Take the 2-minute tour ×
Programmers Stack Exchange is a question and answer site for professional programmers interested in conceptual questions about software development. It's 100% free, no registration required.

I'm in the process of developing a signal management and routing module for an integrated audiovisual system and am designing it with the intent of being as flexible as possible across different signal distribution networks. The intent of the module is to handle routing across a number of stacked matrix switchers1 and handle necessary format conversion.

The best solution I've explored at this point is to map out the network to a graph with discrete vertices for each signal type supported by the switchers and which are then joined via nodes representing the video processors that handle format conversion.

Example graph

Colours represent signal formats. Round nodes are either switchers, sources or sinks. Square nodes are video processors which perform format conversion.

From there I can use an implementation of Dijkstra's algorithm to identify the path that has to be formed in order to get input X to output Y. This should allow the data about the input / output configuration of all the switchers and processors to be passed in and the module adapt accordingly.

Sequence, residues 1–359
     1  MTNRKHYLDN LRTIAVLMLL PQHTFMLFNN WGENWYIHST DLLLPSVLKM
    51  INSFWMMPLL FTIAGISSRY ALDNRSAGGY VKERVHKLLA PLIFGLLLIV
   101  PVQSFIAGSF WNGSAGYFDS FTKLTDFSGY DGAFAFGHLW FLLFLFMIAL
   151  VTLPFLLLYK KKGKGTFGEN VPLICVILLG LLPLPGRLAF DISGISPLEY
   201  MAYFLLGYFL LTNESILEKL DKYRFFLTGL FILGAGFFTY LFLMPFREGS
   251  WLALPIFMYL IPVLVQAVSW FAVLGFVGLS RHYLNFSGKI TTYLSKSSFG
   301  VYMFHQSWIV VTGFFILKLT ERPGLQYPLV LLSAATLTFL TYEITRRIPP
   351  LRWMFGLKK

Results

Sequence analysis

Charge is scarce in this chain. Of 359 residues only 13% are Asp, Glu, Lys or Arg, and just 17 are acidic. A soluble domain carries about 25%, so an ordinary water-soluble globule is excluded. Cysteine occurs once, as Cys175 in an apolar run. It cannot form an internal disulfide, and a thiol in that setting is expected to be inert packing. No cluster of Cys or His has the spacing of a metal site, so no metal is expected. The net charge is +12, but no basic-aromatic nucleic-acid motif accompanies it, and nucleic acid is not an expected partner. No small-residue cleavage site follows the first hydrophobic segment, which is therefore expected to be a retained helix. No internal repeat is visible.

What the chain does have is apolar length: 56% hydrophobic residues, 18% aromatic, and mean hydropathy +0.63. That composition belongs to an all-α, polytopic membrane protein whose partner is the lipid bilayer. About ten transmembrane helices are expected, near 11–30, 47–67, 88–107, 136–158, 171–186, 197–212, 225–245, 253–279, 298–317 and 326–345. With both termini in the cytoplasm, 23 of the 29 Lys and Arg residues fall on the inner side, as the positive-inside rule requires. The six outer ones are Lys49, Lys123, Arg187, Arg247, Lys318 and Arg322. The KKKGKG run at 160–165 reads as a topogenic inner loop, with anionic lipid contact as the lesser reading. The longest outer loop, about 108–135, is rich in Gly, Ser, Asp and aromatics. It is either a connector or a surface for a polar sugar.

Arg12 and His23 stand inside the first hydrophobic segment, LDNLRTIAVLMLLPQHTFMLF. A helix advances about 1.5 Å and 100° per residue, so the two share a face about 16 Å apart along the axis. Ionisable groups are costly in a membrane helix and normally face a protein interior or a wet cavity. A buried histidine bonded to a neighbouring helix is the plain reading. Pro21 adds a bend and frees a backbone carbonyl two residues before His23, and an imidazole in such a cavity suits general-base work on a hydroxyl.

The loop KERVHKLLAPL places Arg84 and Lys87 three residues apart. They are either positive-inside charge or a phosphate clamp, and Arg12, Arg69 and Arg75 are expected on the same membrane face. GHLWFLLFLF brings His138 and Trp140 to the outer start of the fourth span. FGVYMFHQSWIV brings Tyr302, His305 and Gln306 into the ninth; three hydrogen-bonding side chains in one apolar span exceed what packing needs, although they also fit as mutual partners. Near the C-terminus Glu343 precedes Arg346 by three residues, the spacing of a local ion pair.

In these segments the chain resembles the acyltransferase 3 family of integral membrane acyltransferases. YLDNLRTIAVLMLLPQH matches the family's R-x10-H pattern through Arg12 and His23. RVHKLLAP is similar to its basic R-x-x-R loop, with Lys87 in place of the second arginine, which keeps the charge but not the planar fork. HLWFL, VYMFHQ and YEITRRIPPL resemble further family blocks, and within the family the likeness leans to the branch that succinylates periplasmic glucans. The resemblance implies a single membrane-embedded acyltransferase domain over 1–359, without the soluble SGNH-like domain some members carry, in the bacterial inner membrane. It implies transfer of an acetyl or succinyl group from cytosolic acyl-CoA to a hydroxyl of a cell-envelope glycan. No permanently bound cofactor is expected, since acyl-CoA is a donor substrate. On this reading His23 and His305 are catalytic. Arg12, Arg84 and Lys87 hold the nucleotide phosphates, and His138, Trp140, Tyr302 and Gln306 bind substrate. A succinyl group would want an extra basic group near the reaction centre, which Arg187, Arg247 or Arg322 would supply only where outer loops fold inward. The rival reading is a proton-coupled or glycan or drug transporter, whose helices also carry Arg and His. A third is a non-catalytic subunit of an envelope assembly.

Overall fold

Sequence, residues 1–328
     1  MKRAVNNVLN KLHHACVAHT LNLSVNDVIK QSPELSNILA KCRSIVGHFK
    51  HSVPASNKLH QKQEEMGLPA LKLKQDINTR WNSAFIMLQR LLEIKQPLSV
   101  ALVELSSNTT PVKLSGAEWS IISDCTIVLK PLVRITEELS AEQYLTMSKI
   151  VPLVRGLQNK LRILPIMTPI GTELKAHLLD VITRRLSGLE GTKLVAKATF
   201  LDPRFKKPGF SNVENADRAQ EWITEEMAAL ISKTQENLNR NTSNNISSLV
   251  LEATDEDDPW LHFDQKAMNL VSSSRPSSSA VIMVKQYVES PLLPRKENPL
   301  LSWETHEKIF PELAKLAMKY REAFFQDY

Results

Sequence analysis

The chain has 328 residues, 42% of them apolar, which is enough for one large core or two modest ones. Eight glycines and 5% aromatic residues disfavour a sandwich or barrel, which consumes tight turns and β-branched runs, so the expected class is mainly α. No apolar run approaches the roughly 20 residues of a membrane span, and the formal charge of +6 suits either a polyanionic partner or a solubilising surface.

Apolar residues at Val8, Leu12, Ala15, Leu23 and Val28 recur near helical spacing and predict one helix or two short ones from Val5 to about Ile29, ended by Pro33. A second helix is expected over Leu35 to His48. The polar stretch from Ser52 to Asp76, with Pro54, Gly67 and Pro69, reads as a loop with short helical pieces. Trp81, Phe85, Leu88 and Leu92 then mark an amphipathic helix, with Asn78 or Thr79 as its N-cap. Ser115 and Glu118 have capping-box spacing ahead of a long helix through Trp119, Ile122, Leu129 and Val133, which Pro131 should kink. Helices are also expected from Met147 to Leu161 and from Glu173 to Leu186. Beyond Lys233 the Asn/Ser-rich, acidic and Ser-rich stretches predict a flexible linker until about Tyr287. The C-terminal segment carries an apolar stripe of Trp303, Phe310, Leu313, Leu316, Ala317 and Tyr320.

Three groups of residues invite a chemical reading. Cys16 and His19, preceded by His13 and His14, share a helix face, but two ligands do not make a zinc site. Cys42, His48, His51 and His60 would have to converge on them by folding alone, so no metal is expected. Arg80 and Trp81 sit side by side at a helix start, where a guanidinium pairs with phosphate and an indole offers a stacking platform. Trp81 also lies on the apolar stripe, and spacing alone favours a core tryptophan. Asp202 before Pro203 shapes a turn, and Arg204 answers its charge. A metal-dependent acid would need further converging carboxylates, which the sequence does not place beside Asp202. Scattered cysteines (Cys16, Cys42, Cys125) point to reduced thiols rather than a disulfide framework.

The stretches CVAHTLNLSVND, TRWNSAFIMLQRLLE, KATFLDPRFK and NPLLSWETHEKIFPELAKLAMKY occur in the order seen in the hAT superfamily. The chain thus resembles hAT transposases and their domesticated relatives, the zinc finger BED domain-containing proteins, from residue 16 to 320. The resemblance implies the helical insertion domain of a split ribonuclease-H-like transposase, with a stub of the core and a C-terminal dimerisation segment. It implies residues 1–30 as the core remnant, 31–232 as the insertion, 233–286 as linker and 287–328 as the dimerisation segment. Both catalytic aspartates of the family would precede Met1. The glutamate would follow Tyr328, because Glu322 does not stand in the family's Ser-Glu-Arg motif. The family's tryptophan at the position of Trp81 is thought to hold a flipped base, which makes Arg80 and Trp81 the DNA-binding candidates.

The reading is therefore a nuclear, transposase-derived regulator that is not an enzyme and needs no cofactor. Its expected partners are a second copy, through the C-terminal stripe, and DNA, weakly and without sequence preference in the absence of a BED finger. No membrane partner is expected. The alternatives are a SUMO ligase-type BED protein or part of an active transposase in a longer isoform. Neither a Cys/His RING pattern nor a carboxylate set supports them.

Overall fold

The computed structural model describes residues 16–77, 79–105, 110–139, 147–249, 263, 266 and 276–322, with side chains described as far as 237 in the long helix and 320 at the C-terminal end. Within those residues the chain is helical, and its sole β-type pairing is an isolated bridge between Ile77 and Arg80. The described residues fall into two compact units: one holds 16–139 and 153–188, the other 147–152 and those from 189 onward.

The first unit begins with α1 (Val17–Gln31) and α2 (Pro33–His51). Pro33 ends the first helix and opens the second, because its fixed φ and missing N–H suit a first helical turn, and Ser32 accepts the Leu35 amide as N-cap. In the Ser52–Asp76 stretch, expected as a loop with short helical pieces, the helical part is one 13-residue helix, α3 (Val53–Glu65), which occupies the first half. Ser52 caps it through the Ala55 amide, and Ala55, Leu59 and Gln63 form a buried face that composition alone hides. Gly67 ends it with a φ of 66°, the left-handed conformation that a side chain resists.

Is this an appropriate solution or is there an alternative approach that may be worth investigating?

1 aka 'crossbar switch', a video router with M input x N outputs that supports one-to-many connections. Each phsyical device may handle multiple signal formats and may or may not be capable of performing any format conversion.

edit: As mentioned by Péter Török, the graph will not necessarily be a tree, the diagram is a simple example to illustrate the idea. When implemented in the 'real world' multiple paths may exist which offer varying levels of definition (DVI > VGA > component > composite) which I was planning to represent with edge weighting.

edit 2: Here's an slightly more comprehensive example with directivity indicated and showing a network consisting of two signal types. The initial example has been modified slightly so that each input and output on a device is defined as a discrete node as this will provide the data required to control matrix routing / input selection. Example 2 - two signal types, stacked switchers

share|improve this question
    
Are you intending edge weightings to be multiplicative? –  Peter Taylor Dec 6 '11 at 10:59
    
Additive. The theory being this will allow it to be defined such that the higher the definition of the signal path, the lower the weighting. Edges which connect nodes that perform format conversion would then be given a weighting higher than that assigned to edges which connect non-conversion nodes. This would route the signal in it's native format if possible, only involving format conversion (and associated signal degradation and equipment utilisation) when necessary. –  Kim Burgess Dec 6 '11 at 12:57
    
@PeterTaylor: Would it matter if they were multiplicative? They have exact same semantics as additive (provided they are positive) by applying a logarithm. Or is it something more complicated behind it? –  herby Dec 8 '11 at 8:00